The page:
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A Three Tier Architecture is composed of a Presentation Tier, an Application Tier, and a Data Tier.

A Three Tier Architecture is a client-server based architecture in which the user interface, data access, computer data storage, and different logical processes are developed and administered as independent modules on separate platforms.

It is commonly used for web applications, software, or services and involves servers and clients.

Servers are where programs are constantly running in the background and exchange information with remote users.

Clients, on the other hand, are programs or users that exchange information with servers.

Three Tier Architecture

The diagram above is an example of a simple three tier architecture setup with TORO Integrate.

It is hosted in Amazon Web Services (AWS)1. The infrastructure and its tiers are contained in a VPC2 belonging in a chosen region3 and configured in an availability zone4. The servers in this diagram take their form in Amazon EC2 instances5 which are configurable virtual servers you can use to host your applications and services. The instances in Tier 1 and Tier 2 are configured with Amazon Elastic File System (EFS)6.

This page will be discussing the three tiers of this architecture, the steps on how to deploy a simple three tier architecture and recommend configurations that you can follow to setup your very own three tier architecture.

Summary of the Three Tiers

  1. Presentation Layer (Client)

    Receives input, receives and displays output.

  2. Application Layer (Server)

    Processes the logic and makes any necessary calculations.

  3. Data Layer (Server)

    Stores and manages the data.

Advantages of a Three Tier Architecture

  • Logical segregation of data
  • Redundancy of services in the Application Layer which results in:
  • Server availability
    • Multiple application servers in the second tier decreases the likelihood of downtime because the hosting of services may easily be interchangeable depending on how you configure your devices
  • Improved scalability and flexibility in terms of:
    • Easier migrations of specific instances or servers
    • Easier additions or upgrades
    • Easier removals or replacements
  • Enhanced security
    • The Application and Data layers can be restricted to only those internal network resources that require access

Disadvantages of a Three Tier Architecture

  • More complex architecture
  • Requires technical expertise to setup and manage
  • Takes more time to setup and configure

Configuring a Three Tier Architecture

The setup procedure discussed below is an example only and assumes that the deployment will be on Linux based servers. However, a three tier architecture can equally be applied to a Windows network. The configuration below is an example only and can be customised for your own requirements and/or budget.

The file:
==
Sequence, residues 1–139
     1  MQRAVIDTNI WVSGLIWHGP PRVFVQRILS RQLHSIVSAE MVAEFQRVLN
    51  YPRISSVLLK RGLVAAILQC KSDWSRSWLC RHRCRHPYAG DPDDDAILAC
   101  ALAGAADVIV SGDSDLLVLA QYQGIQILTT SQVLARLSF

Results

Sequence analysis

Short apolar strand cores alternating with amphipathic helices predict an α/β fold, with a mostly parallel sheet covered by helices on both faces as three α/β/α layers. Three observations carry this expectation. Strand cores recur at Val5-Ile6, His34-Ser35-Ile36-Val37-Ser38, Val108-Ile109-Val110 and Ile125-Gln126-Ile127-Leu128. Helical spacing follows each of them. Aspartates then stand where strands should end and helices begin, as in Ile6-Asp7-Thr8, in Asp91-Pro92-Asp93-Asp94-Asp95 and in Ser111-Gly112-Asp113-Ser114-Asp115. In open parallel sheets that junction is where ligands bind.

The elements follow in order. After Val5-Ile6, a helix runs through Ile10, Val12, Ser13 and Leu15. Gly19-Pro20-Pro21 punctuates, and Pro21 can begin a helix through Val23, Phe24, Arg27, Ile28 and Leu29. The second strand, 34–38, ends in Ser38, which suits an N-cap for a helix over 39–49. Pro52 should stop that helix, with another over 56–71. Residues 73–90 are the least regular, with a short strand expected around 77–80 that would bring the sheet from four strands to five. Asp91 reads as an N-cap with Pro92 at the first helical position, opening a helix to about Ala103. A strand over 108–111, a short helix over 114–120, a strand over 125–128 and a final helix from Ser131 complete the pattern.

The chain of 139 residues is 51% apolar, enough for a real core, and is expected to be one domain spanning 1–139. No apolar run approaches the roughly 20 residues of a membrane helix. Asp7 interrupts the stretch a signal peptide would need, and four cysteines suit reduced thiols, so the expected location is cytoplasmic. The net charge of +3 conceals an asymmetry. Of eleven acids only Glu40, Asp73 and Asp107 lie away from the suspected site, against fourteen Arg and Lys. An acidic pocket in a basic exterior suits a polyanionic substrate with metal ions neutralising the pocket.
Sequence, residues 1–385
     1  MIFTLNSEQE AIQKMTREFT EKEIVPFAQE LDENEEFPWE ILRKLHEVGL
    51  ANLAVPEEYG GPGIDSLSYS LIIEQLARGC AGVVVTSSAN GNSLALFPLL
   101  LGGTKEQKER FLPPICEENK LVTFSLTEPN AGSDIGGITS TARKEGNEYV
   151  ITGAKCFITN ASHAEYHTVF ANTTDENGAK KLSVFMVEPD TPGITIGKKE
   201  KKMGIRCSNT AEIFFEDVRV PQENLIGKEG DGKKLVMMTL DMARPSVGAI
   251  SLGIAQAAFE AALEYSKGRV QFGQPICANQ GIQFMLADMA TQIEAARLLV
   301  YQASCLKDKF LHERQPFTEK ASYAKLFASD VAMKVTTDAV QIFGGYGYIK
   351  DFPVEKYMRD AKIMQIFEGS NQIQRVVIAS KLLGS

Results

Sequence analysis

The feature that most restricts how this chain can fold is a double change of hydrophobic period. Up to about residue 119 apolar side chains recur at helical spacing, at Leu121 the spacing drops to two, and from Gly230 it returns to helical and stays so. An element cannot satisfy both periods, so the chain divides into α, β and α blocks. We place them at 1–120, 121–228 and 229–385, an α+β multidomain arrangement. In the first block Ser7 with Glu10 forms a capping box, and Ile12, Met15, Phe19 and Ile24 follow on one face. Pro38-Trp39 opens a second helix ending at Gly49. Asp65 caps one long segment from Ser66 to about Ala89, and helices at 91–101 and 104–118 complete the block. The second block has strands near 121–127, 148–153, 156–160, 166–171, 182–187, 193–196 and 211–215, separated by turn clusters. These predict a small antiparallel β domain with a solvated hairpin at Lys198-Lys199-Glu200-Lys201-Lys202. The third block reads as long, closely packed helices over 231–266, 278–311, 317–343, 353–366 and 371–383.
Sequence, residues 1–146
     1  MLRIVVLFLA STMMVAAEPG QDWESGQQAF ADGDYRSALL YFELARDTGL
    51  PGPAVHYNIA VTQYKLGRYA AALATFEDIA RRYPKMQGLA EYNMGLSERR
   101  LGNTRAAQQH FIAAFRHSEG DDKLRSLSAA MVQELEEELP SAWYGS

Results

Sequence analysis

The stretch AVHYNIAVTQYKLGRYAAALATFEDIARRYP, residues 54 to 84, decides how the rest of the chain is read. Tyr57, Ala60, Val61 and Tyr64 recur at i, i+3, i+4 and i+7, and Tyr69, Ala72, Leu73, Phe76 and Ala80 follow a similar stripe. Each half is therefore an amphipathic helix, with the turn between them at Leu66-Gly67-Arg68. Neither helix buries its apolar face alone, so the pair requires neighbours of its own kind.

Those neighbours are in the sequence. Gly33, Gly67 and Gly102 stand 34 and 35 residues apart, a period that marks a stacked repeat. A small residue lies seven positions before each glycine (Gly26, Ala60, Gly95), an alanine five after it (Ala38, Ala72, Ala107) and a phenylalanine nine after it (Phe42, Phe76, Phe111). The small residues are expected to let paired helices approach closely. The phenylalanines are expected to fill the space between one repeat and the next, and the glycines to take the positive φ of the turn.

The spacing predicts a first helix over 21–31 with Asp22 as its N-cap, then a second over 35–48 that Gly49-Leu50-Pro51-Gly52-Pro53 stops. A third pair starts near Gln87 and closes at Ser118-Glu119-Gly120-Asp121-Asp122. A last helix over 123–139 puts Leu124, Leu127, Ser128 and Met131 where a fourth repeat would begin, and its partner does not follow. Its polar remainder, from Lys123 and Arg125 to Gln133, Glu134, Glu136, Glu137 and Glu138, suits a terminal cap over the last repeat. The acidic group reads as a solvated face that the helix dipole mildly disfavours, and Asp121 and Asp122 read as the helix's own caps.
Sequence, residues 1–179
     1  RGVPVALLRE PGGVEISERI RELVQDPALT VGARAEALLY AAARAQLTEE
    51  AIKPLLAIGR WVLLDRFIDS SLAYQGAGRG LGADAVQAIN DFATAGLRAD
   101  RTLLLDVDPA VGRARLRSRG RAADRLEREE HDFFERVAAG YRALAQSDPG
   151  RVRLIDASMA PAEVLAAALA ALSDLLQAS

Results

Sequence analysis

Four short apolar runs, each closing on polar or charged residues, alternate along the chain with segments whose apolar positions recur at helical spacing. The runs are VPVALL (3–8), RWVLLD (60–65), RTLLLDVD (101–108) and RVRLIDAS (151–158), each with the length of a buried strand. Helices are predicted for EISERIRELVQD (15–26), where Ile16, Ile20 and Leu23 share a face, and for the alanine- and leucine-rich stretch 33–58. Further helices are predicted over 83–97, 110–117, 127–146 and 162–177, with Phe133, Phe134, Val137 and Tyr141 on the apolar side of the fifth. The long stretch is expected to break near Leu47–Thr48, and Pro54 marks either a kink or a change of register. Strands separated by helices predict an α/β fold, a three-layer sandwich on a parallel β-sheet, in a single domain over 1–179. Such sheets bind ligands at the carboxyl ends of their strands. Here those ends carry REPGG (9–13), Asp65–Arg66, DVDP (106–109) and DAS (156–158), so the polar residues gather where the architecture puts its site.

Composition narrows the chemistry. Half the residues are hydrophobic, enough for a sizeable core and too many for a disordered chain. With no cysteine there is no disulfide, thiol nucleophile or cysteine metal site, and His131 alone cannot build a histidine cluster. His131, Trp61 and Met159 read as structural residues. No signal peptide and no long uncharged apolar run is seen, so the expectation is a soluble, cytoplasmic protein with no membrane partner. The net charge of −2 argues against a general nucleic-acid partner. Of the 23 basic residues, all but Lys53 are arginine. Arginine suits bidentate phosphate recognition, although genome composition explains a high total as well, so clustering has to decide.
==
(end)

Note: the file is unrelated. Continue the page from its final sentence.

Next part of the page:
To simplify larger deployments on AWS we have a made available a CloudFormation template. Simply download and run the template to configure a highly scalable and redundant network configuration within minutes.


We will be covering the tiers in this order: Application Tier, Presentation Tier, and Data Tier. The Application Tier needs to be configured before the Presentation Tier. This is so that we may configure and test endpoints that are available later on when configuring the first tier.

Application Tier

The Application Tier is the logical tier from which the Presentation Tier pulls data. It controls application functionality by performing detailed processing. This is where your TORO Integrate instances will be deployed.

To support scalability and redundancy you will need a minimum of two Tier 2 servers. Within these servers, you will need to install your TORO Integrate instances. You may refer to the prerequisites and licenses pages and then following pages to choose the installation method that you would prefer.

You can also configure separate servers to run ActiveMQ7 and Solr8. For maximum scalability these applications should be installed on separate servers and be configured with either have a hot spare (ActiveMQ) or in a cluster (SolrCloud).

Presentation Tier

The Presentation Tier occupies the top level and displays information to related services available on a website. It is the tier that communicates with the Application tier and presents the data to the users. We recommended using NGINX as a proxy server for the Presentation tier.

A proxy server is an intermediary server that forwards requests for content from clients to servers across the internet. It allows a client to make an indirect network connection to a network service.

A client connects to the proxy server, then requests a connection, file, or other available resources from a server. The proxy provides the resource either by connecting to the specified server or by serving it from a cache.

There are many types of proxy servers which include Open, Anonymous, Transparent, Distorting, Reverse Proxies, and more, but we will be focusing on Reverse Proxies for this topic.

Reverse Proxies serve the server rather than the client. They provide an additional level of abstraction and control to ensure the smooth flow of network traffic between clients and servers.